Keeping Summer Fun Safe

As the days get longer, we start heading outside for more entertainment and leisure activities under the warmth of the summer sun! To protect your skin, it’s common knowledge to apply sunscreen to your exposed areas. For older children and adults, it seems simple, but pediatric skin problems occur more frequently than one may think. That means we need to be extra careful with sunscreen application—especially with our kiddos!

What are the risks of unprotected sun exposure?

There are many risks (both common and uncommon) associated with prolonged and unprotected sun exposure:

  • Suntans – An injury to the top layer of your skin.
  • Sunburns – Too much sun exposure could lead to red, hot-to-touch skin.
    • First Degree Burn – Only effects the outer layer of skin
    • Second Degree Burn – Blisters could form and risk for infection increases
  • Freckles – Monitor freckles for unexpected changes in shape/size or bleeding/itching.
  • Skin Cancer – If there’s any suspicion of odd-looking moles or spots, see a doctor immediately.

What is the best way to protect my child from the sun?

Avoiding the sun entirely during the summer season is virtually impossible, but here’s a few tips to keeping yourself protected:

  • Stay Inside. Avoid going out into the sun during the hours of 10 a.m. and 4 p.m. when the sun’s rays are the strongest.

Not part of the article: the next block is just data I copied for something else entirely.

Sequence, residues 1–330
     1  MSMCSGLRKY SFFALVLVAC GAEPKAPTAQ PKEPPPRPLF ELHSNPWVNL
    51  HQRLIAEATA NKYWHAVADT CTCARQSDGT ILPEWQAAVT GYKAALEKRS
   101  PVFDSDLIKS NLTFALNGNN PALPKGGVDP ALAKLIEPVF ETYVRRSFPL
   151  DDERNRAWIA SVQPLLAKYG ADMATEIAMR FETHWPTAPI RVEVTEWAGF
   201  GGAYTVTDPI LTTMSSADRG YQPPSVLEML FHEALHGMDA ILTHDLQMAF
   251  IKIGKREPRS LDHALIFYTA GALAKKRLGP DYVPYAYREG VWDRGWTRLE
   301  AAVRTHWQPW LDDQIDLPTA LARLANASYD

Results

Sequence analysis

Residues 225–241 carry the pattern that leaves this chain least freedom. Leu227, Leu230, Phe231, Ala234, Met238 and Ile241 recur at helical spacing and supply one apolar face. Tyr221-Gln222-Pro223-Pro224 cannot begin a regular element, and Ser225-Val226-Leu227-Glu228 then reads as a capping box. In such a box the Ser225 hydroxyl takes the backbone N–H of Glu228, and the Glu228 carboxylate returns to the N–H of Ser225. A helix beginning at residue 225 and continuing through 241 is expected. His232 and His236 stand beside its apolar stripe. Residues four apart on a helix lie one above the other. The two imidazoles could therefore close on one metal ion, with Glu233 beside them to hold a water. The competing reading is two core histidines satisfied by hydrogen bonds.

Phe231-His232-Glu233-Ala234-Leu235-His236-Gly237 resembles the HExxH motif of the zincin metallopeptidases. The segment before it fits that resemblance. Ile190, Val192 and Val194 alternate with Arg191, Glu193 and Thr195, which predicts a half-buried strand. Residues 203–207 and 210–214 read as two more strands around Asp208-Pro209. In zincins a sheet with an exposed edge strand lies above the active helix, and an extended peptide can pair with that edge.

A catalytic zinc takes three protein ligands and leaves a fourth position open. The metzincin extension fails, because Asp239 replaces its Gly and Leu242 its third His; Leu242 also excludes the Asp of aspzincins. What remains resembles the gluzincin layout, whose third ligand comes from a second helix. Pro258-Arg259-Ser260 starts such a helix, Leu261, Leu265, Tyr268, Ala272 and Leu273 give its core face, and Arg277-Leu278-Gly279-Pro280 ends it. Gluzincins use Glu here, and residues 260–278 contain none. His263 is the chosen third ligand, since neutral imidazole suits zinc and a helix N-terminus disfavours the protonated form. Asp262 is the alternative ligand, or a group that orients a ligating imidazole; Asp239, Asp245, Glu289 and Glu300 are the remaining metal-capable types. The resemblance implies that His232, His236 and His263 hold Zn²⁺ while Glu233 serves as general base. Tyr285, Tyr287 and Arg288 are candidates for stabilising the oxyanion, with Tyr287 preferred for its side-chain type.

• Lather Up! Use a broad-spectrum sunscreen with SPF 30 or higher.
  • Get Shady. Wear hats, sunglasses, and clothes that cover up your exposed skin.
  • Say No. Do not partake in tanning beds or sunlamp usage as it causes long-term damage.

How do I know if I chose the right sunscreen?

It’s important to introduce sunscreen to children as early as 6 months old. When you’re looking to purchase sunscreen for the family, double check that your selection has all of the following:

  • First thing – make sure the bottle isn’t expired
  • Look for “broad-spectrum protection” that protects against UVA and UVB rays
  • Don’t be fooled by “water resistant” or “waterproof” labels
    • No sunscreen is completely water or sweat proof, so it’s always safer to reapply every 2 hours (or more frequently if partaking in water activities)
  • Choose a sunscreen with a protection factor (SPF) of at least 30 spf

Where else can I learn about how to best protect my child from sun damage?

To learn more about pediatric skin care and sun damage prevention, schedule your appointment today with Courtney Elliott, CPNP-PC who specializes in pediatric services!